Dates: September 2nd- 5th 2016
Location: Leavenworth, Washington
Mileage: 20ish, 4600 Elevation gain/ 6000 elevation loss
Pre- Enchantments: A lot went into this 4 day/3 night backpacking trip. In February I put in the permit application for the enchantments as I heard everyone talking about it. We had just started getting into hiking at this point and I figured that we would have to try for many years to get a permit. A month later on a Sunday evening the lottery was drawn and we hit the jackpot somehow. We scored CORE zone permits (the best) starting on a Saturday during Labor day weekend. How we got that I still don’t know. I later read that they only give 6 core permits out a day. You are allowed to have a group of 8 for each permit so I worked on getting a group together. My husband Ryan would go (impending work approved, and it did), invited my friend Doris and talked to a few out of town friends that were interested in going. Months later the final group would be a college friend of mine (Chrissy + fiance Scott), Doris and her boyfriend Cody and a newer friend, Hillary.
At the time we won the permits we had no backpacking gear. We ended up using our tax refund to basically get most of it and started on our first trip a month later (Ancient Lakes). Over the summer we would go on more trips to get in shape for the enchantments and learn the ways of backpacking and all that it entailed. So happy I had Doris to help me along the way with this as a total newb.
Gear list for the enchantments along with new gear bought:
- pack- Osprey 65L, still loving this pack!
- pack rain cover (ended up using this a couple times)
- hiking poles
- tent (love, love, love our Big Agnes Copper Spur UL 3)
- sleeping bag ( I have a mummy Marmot down sleeping bag and hate the mummy style so much. Maybe before next season will get a quilt style one instead)
- sleeping pad (really happy with our insulated Klymit sleeping pads keeping us warm)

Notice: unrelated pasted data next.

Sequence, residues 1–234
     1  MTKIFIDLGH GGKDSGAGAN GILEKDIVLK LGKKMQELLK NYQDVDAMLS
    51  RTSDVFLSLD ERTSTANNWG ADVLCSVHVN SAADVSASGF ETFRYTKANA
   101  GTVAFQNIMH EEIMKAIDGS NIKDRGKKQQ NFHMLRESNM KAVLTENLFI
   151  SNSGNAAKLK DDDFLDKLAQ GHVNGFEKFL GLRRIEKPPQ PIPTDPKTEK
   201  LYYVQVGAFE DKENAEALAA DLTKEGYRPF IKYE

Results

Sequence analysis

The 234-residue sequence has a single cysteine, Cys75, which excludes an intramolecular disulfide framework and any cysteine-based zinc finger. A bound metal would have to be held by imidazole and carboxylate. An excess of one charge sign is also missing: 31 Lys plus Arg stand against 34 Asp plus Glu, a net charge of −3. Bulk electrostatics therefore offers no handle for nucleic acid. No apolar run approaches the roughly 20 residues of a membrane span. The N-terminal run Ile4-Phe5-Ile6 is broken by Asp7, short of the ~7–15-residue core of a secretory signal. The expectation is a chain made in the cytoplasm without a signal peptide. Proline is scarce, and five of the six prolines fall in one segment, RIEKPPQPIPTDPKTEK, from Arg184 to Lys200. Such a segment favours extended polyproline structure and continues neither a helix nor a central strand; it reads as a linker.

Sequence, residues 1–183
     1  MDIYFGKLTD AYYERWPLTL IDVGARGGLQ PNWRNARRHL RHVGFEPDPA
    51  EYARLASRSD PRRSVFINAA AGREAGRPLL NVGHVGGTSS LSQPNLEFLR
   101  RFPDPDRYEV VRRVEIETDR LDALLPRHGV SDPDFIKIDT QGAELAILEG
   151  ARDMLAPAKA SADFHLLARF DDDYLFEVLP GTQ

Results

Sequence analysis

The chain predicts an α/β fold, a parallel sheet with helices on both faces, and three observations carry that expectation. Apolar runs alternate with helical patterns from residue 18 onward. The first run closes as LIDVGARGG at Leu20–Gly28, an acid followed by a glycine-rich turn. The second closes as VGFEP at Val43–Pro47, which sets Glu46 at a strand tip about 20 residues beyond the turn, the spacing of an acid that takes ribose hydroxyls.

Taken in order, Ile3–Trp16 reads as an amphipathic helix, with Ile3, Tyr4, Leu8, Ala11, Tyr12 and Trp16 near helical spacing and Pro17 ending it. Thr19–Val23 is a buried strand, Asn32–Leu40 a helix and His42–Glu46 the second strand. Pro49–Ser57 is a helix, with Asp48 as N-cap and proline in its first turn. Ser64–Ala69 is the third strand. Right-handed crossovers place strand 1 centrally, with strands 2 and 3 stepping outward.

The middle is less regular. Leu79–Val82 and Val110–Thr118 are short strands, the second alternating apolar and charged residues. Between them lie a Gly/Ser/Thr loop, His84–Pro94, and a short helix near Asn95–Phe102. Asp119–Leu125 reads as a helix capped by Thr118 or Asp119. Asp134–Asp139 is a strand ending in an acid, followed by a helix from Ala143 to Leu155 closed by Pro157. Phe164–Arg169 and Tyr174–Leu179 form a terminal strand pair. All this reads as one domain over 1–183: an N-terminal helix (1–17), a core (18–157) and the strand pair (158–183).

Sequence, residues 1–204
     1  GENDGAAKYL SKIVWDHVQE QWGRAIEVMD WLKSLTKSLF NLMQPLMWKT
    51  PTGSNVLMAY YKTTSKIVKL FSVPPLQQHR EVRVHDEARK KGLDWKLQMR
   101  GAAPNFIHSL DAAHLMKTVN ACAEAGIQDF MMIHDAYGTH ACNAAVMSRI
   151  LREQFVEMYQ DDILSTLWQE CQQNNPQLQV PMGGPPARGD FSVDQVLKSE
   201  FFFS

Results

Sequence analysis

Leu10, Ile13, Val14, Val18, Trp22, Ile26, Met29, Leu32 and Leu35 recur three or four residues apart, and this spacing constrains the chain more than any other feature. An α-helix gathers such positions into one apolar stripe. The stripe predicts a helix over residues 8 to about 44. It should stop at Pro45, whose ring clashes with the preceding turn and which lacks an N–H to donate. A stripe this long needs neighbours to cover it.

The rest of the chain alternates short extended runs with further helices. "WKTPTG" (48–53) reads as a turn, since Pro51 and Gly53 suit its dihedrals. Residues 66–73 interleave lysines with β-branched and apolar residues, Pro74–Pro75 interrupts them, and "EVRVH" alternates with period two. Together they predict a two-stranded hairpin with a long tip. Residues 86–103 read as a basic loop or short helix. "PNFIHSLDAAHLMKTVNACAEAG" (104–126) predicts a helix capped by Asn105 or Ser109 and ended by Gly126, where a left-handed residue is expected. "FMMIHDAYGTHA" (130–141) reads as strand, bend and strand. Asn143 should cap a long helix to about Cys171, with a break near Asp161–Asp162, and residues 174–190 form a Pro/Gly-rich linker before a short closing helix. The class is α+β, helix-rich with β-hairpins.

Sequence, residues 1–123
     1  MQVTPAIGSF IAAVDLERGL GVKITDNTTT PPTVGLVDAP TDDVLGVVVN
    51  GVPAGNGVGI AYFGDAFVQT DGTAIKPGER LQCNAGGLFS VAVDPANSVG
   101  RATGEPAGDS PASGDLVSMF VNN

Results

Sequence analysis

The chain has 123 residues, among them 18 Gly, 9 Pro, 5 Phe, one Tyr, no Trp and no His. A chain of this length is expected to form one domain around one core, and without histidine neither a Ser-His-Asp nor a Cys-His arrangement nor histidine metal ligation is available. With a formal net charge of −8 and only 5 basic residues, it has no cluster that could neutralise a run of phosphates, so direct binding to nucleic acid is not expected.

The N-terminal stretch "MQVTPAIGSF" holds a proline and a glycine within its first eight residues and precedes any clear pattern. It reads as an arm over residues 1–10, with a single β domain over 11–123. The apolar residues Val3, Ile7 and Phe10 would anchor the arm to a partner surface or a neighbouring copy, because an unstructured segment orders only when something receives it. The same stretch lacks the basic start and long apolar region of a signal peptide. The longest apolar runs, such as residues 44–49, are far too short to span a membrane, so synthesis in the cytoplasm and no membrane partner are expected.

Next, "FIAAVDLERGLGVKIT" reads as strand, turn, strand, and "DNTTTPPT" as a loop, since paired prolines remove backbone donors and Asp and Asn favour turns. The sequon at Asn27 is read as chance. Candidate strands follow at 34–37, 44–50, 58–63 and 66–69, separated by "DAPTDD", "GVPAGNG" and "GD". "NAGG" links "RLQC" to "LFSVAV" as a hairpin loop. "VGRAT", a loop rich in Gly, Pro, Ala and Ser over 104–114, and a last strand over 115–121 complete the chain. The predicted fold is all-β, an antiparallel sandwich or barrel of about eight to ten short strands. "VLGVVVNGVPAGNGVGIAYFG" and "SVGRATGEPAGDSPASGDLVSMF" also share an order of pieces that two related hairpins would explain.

- stove/fuel (the MSR Windburner has been one of my favorite things. Super reliable and so fast to boil water)
- bug spray (didn’t end up having bad bugs on this trip)
- 2 athletic pants
- 2 sports bras
- 1 Patagonia mid layer
- 1 set long underwear ( just bought my first pair before the trip- REI’s new midlayer long underwear. Overall very happy with it!)
- down puffer
- rain coat
- 3 underwear
- 2 pairs socks
- camp sandals
- baseball hat
- warm hat
- headlamp/ extra batteries
- water filter (We are using the sawyer mini now. Chrissy and Scott had the Steripen UV water filter which is just a pen thing you swirl in the water for a little bit and it is purified. So crazy. Definitely getting this before next season.)
- platypus 2 liter bag
- toilet paper
- hand sanitizer
- contacts solution
- wet wipes
- day pack
- mini towels
- multi purpose soap
- first aid kit
- multi tool
- ursack bag (We just bought the critter proof one after much debate if we should get critter or bear proof. In most cases if we have to worry about bears we will be hanging the bag so that a bear can’t get it and then it will still be critter proof then. We are happy with it! We ended up bringing my friend’s ursack bag as well so we had 2 bags of food.. so. much. food.)
- opsak bag (blocks food odor in ursack bag)
- 2 flasks
- compression bag ( I just bought my first compression bag as they were on sale at REI. I got it for my clothes and that worked really well for the trip. I don’t use one on my sleeping bag right now as it is pretty compact.)
- camera + case + 3 batteries + mini tripod
- go pro
- External battery charger for phone
- ziplocks for trash
- ear plugs
Food (for 2 people):
- 6 dinners (freeze dried meals- had mountain house chicken teriyaki- very good, parmesan noodle one- very good, mac & cheese- not good).
- 8 breakfast (2 oats + almond butter/ 2 eggs + tortillas + hot sauce, first time we had made eggs backpacking. Got the egg crystals instead of freeze dried eggs. These turned out super good. We need to get a pan for our stove.)
- Lunch: 5 ramen, 7 tuna packets, turkey jurkey, crackers, dried fruit, trail mix, peanut butter + tortillas
- 8 instant coffee
- candy (always a top priority)
- electrolyte tabs (nuun)
- eating utensil
- whiskey (always bring more than you think you will need)
- collapsable bowl
- apple cider packets
- bear spray (thanks Hillary!)
- paper map (wasn’t going to bring one with our hiking app we have but Chrissy and Scott wanted to and it ended up being super useful)
- milk jug bucket (Friend Caitlin gave us this idea, cut off the top of a gallon milk jug and use it to carry water. We used this so much!)
It was definitely a process getting down this list and I used more experienced friends to cross check it and tell me what I need/ didn’t need. I cut out things like a swim suit, extra clothes, hammock and things that just weren’t necessary. I weighed my pack before we left and I had all the food (which was something like 20 pounds I swear..) + 2L of water and it came out to be about 43 pounds. The heaviest yet. After the 2nd day Ryan and I split up the food but my pack was still probably 38 pounds or so for the rest of the trip.